Where will Lehman failure fit in history?
Commentator John Steele Gordon
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KAI RYSSDAL: Obviously, there's no way for us to know now what the net effect of the events of this weekend are going to be. Surely they'll be fodder for authors and analysts for decades. Commentator and business historian John Steele Gordon says it was bound to happen.
JOHN STEELE GORDON: What Wall Street and the financial authorities do now will determine whether this day is long remembered.
After a crash, liquidity is the key to reversing the situation and the Federal Reserve, the bank of last resort, is the key to liquidity. In 1987 it flooded the Street with money and the market soon recovered. In 1929, the Fed did nothing. In 1930, the federal government raised taxes, a disastrous mistake in a slowing economy.
And that year, as well, Wall Street refused to help a bank it could have saved. That touched off a wildfire of failure throughout the American banking system. The Bank of United States wasn't well-run. Some of its managers later went to jail. But it was a very large bank, the fourth-largest depository bank in New York, with 450,000 depositors, most of them middle- and working-class Jews from the Garment District. That's why it was known, snearingly, as the "pants pressers' bank."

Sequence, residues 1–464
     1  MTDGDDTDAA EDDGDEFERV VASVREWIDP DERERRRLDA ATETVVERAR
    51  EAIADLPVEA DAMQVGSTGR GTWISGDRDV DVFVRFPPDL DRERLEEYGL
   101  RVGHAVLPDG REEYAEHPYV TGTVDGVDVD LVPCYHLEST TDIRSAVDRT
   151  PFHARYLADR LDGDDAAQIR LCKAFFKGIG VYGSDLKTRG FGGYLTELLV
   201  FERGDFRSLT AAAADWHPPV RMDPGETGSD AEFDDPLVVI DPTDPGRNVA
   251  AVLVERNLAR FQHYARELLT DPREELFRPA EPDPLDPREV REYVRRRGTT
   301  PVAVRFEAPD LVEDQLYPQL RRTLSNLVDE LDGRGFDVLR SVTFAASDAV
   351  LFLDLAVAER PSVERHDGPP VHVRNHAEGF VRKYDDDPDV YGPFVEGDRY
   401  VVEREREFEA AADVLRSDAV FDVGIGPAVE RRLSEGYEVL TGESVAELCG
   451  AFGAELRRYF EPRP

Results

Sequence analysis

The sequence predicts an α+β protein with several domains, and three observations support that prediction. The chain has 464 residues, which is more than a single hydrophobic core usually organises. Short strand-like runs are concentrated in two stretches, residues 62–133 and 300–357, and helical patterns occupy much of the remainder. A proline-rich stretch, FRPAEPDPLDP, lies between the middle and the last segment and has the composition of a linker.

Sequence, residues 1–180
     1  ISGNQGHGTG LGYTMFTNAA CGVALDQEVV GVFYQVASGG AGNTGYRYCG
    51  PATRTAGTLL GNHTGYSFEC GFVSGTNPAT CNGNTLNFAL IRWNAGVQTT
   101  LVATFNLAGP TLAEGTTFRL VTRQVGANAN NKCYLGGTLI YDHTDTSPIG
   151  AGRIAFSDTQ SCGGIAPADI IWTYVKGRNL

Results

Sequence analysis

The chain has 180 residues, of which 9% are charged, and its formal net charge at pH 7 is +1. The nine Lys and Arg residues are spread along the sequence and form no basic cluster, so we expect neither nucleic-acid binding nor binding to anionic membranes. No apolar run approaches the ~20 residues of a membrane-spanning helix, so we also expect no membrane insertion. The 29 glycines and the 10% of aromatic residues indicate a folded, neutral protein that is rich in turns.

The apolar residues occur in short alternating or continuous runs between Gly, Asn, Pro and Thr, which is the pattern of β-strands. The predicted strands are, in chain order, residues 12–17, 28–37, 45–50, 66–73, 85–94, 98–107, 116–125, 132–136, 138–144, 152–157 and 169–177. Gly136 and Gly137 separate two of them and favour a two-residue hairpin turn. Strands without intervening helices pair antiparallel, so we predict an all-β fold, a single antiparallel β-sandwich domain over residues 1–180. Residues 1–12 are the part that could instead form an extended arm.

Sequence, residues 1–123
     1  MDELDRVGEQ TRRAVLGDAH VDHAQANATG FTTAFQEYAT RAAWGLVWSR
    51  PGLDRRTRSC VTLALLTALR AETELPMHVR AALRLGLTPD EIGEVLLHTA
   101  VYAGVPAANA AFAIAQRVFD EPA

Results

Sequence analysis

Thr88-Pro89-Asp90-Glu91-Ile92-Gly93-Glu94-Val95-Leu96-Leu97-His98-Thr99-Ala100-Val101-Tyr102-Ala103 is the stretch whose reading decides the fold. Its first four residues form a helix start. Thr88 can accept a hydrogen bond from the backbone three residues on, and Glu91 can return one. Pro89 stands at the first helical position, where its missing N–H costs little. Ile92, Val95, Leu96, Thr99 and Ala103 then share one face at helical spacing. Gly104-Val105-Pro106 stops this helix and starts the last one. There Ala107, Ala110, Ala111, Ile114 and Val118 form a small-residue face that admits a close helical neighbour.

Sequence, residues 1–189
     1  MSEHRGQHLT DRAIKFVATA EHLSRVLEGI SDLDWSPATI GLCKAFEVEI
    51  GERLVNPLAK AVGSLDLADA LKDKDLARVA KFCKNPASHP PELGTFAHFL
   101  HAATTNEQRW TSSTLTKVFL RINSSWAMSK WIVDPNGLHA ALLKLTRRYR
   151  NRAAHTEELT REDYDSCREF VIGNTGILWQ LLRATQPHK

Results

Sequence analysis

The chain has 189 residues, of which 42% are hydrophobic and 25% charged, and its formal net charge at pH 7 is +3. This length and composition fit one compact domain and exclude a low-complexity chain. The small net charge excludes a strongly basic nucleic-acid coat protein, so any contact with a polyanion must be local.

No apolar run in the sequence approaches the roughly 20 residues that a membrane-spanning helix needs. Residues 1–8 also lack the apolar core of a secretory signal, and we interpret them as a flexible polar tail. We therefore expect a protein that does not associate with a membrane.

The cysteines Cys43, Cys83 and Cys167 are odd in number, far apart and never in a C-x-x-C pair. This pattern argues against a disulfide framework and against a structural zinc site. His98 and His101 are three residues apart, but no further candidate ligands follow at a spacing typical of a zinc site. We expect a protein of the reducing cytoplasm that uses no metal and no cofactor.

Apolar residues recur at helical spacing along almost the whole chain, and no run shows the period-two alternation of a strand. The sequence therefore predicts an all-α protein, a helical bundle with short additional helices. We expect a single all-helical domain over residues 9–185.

The New York State authorities needed a temporary $30 million loan from the Wall Street titans to save the state-chartered bank. That way the authorities could have engineered a merger with three other solid institutions. The Wall Street banks, led by J.P. Morgan, flatly refused. The head New York banking regulator pleaded for help, warning that they "were making the most colossal mistake in the banking history of New York."
When the Bank of United States failed, on December 11th, 1930, the public panicked and the American banking system shuddered. People flocked to withdraw their money from other banks. In turn, the banks called in loans and sold assets in order to stay liquid. In that month alone, over 300 banks around the country failed.
Will the failure to rescue Lehman Brothers cause a similar reaction? Well, I'm a historian and that's above my pay grade.
RYSSDAL: John Steele Gordon's most recent book is called "An Empire of Wealth."